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Missive from a living fossil

Little Boy by Lawrence Ferlinghetti reviewed

March 21, 2019

10:32 AM

21 March 2019

10:32 AM

Little Boy Lawrence Ferlinghetti

Doubleday, pp.192, $18.33

In his adopted city of San Francisco, the poet, publisher and painter Lawrence Ferlinghetti is venerated to levels nearing those of patron sainthood. In 1954, he co-founded the bookshop-cum-press City Lights on Columbus Avenue, which cleaves North Beach from Chinatown on the top right tip of the San Franciscan peninsula.

Lauded by the Los Angeles Times as the man ‘without whom the Beat generation might not have found its voice’, Ferlinghetti is perhaps best known for having published Allen Ginsberg’s generation-defining Howl (and subsequently being arrested for, then cleared of, obscenity charges). But he also published others, such as Gregory Corso and Jack Kerouac. His bookshop became a focal point for that rag-tag bunch which came to be known as the Beats, those black-clad bad boys of bepop and mezcal, a club with ‘no begetting of children’ and no small sampling of the death wish.

Little Boy (the release of which has been timed to coincide with Ferlinghetti’s 100th birthday on March 24 — at time of writing he is still alive), is an experimental novel ‘with no plot’ and memoir of a life ‘whose plot is only discovered after it is lived’. Not a promising start. If it weren’t quite so un-hip, one might call it auto-fiction. The intention appears to be a whistle-stop tour of the century he’s lived, ending in our current age of ‘steel and smog and plastic’. No news there, except historical backdrop is largely absent, and the narration flips between the first and third pronoun — he is Little Boy, Little Boy is ‘me me me’. A few pages in, full stops are completely renounced, which made reading it a rather breathless experience, but also deeply boring.

There are puns well into the realm of dad jokes (‘let us prey’; ‘amen and awomen’; ‘Mao Tse-Tung or mouse say-tongue and the Chinese revolution Mao say tongue-in-cheek’). There are the predictable preoccupations with Hamlet and a dated reliance on Freud. Buddhist terminology is sprinkled gratuitously; there’s a repetitive eulogizing of Jack Kerouac (and the ‘American innocence’ for which he apparently stood) which feels more like name-dropping, and lots of talk about his penis. If it feels out of fashion, it’s because Ferlinghetti is.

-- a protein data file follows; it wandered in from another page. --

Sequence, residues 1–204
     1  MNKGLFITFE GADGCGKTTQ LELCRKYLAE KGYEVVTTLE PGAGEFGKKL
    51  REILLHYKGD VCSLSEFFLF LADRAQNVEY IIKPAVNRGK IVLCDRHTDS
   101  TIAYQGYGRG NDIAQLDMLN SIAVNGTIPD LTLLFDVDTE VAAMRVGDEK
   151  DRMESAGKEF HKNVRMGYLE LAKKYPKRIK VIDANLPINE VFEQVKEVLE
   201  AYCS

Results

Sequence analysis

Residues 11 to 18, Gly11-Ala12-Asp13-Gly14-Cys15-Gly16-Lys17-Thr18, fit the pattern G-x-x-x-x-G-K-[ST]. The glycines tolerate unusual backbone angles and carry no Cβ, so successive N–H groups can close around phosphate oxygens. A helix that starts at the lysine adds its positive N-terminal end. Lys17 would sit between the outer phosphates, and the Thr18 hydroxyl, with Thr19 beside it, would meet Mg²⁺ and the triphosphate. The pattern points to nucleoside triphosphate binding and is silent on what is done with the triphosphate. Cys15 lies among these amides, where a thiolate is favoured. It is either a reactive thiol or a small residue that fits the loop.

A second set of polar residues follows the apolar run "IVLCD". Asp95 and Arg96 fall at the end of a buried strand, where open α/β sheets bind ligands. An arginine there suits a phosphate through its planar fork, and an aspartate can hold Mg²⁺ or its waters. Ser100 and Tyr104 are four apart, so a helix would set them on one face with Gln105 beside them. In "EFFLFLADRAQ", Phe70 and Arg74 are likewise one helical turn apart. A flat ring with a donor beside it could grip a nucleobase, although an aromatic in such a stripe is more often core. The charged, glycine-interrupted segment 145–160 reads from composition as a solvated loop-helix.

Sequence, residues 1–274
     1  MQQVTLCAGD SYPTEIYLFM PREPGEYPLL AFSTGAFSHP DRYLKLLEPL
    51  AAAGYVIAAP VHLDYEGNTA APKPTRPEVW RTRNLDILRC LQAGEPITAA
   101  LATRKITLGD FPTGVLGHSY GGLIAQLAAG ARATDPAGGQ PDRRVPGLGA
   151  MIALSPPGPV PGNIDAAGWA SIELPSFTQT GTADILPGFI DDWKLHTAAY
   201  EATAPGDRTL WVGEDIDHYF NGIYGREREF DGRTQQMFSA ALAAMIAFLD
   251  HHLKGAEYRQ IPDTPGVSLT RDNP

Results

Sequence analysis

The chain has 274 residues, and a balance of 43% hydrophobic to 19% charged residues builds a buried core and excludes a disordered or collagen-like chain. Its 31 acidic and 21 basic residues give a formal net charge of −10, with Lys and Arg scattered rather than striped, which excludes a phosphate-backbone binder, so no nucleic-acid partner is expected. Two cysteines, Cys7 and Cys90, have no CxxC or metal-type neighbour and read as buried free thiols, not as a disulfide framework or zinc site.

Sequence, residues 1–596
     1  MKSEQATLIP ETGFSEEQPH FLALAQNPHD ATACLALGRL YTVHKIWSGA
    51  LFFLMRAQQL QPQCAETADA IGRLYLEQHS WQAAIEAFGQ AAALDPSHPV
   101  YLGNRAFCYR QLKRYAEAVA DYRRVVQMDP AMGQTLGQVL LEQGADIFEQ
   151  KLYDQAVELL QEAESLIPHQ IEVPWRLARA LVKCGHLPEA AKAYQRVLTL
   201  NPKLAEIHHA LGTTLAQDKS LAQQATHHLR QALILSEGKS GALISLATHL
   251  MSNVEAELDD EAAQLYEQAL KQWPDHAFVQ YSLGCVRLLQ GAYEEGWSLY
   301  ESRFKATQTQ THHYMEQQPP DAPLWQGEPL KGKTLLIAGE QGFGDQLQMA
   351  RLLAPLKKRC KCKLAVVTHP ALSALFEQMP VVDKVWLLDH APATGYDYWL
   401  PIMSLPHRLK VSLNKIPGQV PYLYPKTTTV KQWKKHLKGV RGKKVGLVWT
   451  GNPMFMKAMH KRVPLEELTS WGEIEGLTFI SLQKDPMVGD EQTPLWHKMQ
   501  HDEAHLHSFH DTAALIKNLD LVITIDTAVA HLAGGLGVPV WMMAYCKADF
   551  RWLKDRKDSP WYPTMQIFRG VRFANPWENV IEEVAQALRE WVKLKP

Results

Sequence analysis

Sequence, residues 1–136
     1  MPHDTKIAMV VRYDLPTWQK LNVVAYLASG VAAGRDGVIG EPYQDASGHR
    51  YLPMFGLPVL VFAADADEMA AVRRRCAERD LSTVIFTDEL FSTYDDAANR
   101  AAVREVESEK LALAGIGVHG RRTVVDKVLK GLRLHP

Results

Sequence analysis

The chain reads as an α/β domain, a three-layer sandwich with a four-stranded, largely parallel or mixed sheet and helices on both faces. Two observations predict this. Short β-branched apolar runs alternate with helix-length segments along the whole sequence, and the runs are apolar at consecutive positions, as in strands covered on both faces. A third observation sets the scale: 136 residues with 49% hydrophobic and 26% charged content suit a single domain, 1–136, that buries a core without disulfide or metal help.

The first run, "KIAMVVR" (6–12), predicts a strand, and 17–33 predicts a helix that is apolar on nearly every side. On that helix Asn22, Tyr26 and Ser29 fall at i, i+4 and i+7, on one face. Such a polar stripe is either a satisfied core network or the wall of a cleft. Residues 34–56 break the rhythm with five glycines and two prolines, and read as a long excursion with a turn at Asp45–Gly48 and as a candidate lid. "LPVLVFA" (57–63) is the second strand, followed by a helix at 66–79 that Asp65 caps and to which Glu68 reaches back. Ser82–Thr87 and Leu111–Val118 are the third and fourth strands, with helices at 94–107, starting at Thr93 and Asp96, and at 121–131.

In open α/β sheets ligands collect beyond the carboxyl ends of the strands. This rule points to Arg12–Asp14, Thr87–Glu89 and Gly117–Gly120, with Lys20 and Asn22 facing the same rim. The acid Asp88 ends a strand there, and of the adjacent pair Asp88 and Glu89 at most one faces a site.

‘So I’m a broken record or a human tape loop,’ Little Boy tells us flippantly, preempting my complaints, ‘And this ain’t no novel.’ No, it isn’t. These pages are the junk notes of someone who sat in a café people-watching and never actually started writing. It’s a missive from a living fossil: he can remember the Depression; he is of the generation whose ‘birthing day’ was December 7 1941; a generation who toured European universities on the G.I. Bill and had minds blown by this new-fangled thing called existentialism. He is at best a mediocre poet, famous for his aiding and abetting of greater ones; a midwife to the finest minds of his generation; and a historical mooring. He is not one of the giants on whose shoulders we stand, but he did give some people a leg up.

This article was originally published in The Spectator magazine.


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